Policy: Backgrounder: Asia-Pacific Economic Cooperation (Apec)
The Asia-Pacific region has enormous potential, but it is also the region where U.S. exporters face the greatest challenges. More than 40 percent of U.S. trade is with Asia, and more than one-third of U.S. exports, supporting nearly 2.7 million American jobs, are destined for East Asian markets.
Since its inception in November 1989, APEC has grown from an informal dialogue of 12 Pacific Rim economies to a major regional initiative that coordinates and facilitates rapidly growing economic activity in the Asia-Pacific region, working to sustain economic growth.
Today, APEC member economies include Australia, Brunei Darussalam, Canada, Chile, China, Hong Kong, Indonesia, Japan, the Republic of Korea, Malaysia, Mexico, New Zealand, Papua New Guinea, the Philippines, Singapore, Chinese Taipei, Thailand and the United States. Annual meetings of ministers have taken place in Canberra, Singapore, Seoul, Bangkok, Seattle, Jakarta and Osaka. The United States hosted the first APEC leaders meeting on Blake Island, outside Seattle, in 1993. Indonesia hosted the second in Bogor in November 1994, and Japan held a third in Osaka in November 1995. The Philippines currently holds the APEC chair and will host a ministerial and a leaders meeting in November 1996.
The Osaka meetings carried forward the market-opening process begun at President Clinton's initiative in the 1993 Blake Island leaders meeting, which continued with the leaders' 1994 pledge in Bogor to achieve free and open trade and investment in the Asia-Pacific region by 2010 for APEC's developed members and 2020 for its developing members. In Osaka, APEC leaders agreed on an Action Agenda -- a credible blueprint for implementing their commitment to free and open trade and investment. The Action Agenda applies to all sectors, ensures comparability among liberalization efforts, provides for consultation and review, and ensures that APEC's members will work toward liberalization goals by collective and individual actions. Detailed action plans for each APEC member economy will be reviewed at the 1996 meetings in the Philippines in November.
The United States sees APEC as an integral component of U.S. engagement in the Asia-Pacific region. When President Clinton addressed the G-7 summit in Tokyo in July 1993, he called APEC the most promising forum for achieving a more open regional economy, encouraging economic growth, and fostering prosperity and opportunity throughout the region. APEC remains America's primary vehicle for advancing both economic cooperation and trade and investment liberalization in the Asia-Pacific region.
All APEC activities and decisions are carried out on the basis of open dialogue and consensus-building among equal partners. The APEC chair, which rotates annually, is responsible for hosting the yearly meeting of foreign and economic ministers. Senior officials meet regularly between ministerial meetings to carry out the ministerial decisions and make recommendations to the ministers.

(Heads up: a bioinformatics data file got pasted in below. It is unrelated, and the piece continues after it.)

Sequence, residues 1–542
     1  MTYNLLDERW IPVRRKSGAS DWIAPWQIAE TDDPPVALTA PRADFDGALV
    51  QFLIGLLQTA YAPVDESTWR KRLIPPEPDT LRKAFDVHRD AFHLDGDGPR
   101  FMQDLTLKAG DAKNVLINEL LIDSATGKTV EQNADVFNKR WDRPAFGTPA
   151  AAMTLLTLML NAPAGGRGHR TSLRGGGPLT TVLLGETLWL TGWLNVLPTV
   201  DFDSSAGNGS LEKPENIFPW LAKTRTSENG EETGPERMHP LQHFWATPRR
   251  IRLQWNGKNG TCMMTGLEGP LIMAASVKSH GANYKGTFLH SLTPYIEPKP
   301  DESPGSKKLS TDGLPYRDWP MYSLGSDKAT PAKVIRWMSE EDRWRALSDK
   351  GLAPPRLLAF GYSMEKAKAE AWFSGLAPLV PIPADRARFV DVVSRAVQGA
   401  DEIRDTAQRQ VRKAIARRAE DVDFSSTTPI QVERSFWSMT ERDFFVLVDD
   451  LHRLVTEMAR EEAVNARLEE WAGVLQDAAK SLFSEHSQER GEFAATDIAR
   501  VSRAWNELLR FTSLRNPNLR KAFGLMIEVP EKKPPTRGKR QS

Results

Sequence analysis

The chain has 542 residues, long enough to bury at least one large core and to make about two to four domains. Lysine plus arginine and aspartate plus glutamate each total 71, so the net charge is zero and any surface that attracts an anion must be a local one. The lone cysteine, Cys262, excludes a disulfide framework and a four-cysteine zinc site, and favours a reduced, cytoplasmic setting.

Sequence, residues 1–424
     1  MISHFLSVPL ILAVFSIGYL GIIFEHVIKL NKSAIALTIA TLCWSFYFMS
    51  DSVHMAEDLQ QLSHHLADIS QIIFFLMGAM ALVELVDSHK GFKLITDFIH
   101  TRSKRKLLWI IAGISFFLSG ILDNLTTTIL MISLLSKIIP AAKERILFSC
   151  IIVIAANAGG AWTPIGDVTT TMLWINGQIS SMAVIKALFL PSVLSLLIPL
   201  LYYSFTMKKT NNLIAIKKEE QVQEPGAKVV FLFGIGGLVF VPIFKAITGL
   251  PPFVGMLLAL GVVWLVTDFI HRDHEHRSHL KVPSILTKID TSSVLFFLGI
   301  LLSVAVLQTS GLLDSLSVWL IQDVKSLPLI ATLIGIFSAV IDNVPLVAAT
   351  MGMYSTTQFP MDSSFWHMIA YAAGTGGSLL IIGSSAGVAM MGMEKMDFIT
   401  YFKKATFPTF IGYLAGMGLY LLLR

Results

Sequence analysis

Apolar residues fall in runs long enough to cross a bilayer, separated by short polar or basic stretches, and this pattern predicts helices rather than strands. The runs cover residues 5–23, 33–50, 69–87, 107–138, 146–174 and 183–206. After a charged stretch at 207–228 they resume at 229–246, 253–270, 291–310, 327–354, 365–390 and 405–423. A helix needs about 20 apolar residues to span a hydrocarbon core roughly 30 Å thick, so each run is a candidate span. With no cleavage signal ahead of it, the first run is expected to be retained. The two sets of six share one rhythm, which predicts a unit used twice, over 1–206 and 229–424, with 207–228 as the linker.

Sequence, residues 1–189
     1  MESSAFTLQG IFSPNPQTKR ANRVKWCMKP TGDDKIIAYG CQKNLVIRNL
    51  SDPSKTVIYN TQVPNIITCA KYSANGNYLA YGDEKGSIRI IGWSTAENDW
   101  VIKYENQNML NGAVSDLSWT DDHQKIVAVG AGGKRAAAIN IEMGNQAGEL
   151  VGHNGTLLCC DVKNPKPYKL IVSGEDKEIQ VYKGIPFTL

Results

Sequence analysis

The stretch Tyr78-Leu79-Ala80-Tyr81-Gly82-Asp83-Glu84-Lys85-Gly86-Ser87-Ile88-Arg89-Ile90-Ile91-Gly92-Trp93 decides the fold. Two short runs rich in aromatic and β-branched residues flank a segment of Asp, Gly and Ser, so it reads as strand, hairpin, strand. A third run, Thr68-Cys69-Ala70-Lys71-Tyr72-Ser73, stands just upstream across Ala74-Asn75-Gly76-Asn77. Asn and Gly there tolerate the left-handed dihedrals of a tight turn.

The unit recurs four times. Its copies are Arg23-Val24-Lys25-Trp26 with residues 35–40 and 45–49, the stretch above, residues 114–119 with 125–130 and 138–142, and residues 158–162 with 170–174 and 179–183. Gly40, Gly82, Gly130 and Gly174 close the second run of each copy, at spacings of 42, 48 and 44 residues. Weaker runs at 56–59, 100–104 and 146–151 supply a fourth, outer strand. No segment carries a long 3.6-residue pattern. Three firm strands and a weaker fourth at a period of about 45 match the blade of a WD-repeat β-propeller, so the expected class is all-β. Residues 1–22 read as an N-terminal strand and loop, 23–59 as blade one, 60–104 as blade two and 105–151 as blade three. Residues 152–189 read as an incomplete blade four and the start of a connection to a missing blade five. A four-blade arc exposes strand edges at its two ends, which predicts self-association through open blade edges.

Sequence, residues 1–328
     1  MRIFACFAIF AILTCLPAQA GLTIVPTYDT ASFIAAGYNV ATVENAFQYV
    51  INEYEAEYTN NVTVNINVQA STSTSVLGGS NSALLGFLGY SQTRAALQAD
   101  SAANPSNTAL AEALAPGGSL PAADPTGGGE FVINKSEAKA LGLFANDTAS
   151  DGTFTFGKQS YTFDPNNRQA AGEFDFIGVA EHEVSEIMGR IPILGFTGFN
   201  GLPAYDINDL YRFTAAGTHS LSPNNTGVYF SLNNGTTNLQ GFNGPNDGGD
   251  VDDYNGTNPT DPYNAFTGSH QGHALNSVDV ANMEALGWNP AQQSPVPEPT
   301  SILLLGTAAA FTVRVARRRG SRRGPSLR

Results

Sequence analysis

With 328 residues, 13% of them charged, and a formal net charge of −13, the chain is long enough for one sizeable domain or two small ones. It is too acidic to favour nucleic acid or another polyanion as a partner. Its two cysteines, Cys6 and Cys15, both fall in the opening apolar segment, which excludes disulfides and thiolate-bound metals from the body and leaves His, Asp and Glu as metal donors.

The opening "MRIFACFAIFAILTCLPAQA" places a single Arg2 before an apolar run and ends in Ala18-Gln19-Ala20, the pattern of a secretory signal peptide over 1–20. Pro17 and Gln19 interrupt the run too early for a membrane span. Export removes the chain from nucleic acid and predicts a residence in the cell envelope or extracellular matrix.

In 1992, APEC members established a permanent APEC secretariat in Singapore. The secretariat's budget ($2.9 million in 1996, $510,000 from the U.S.) supports its efforts and the work programs of APEC's three committees (Trade and Investment, Budget and Administrative, and Economic Trends and Issues) and ten sector-based working groups. (The ten groups are: Trade and Investment Data Review; Trade Promotion; Industrial Science and Technology; Human Resources Development; Regional Energy Cooperation; Marine Resources Conservation; Telecommunications; Transportation; Tourism; and Fisheries.)
APEC's priority is to encourage market-oriented solutions to the adjustment problems associated with quickly growing economies. APEC made significant contributions to the GATT Uruguay Round negotiations and continues to try to move beyond the Round in its quest for regional trade and investment liberalization.
APEC has an ambitious agenda for 1996 that is focused on five issues:
-- trade liberalization and facilitation;
-- preparing for the first World Trade Organization (WTO) ministerial in Singapore;
-- building the partnership between business and APEC officials;
-- economic and technical cooperation; and
-- providing APEC itself with a sharper focus.
The Clinton administration places a lot of importance on the third issue: building the partnership between business and APEC officials. The United States wants business to be fully engaged in all of the activities of APEC. There's a lot of dynamic economic activity taking place throughout the region, and APEC member governments can enact policies that will increase the velocity of that activity -- assuring that investment capital flows to where projects are, that human resources are available, that the member economy governments and businesses learn from the best practices of infrastructure projects around the region.
This year's APEC chair, the Philippines, has stressed the fifth area: APEC's focus. APEC has spent the past seven years getting itself up and running, and it has a number of noteworthy achievements to its credit. Today, however, APEC is operating across a wide spectrum, and its member economies want to bring some focus to its activities to make sure that the work of APEC's committees, working groups and expert groups follows the vision the leaders set at Blake Island, Bogor and Osaka.
"We have an opportunity," the leaders said at Blake Island, "to build a new economic foundation for the Asia-Pacific that harnesses the energy of our diverse economies, strengthens cooperation and promotes prosperity."
That vision continues to drive APEC -- and U.S. participation in APEC -- to this day.